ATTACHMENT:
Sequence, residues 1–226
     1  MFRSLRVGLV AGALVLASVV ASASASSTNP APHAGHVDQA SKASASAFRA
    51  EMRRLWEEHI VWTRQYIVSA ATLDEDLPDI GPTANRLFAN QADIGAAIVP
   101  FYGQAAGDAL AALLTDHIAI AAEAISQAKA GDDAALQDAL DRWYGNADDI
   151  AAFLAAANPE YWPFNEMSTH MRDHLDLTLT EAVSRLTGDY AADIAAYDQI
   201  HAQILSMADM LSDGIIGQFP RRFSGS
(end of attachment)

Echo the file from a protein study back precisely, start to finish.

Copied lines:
Sequence, residues 1–226
     1  MFRSLRVGLV AGALVLASVV ASASASSTNP APHAGHVDQA SKASASAFRA
    51  EMRRLWEEHI VWTRQYIVSA ATLDEDLPDI GPTANRLFAN QADIGAAIVP
   101  FYGQAAGDAL AALLTDHIAI AAEAISQAKA GDDAALQDAL DRWYGNADDI
   151  AAFLAAANPE YWPFNEMSTH MRDHLDLTLT EAVSRLTGDY AADIAAYDQI
   201  HAQILSMADM LSDGIIGQFP RRFSGS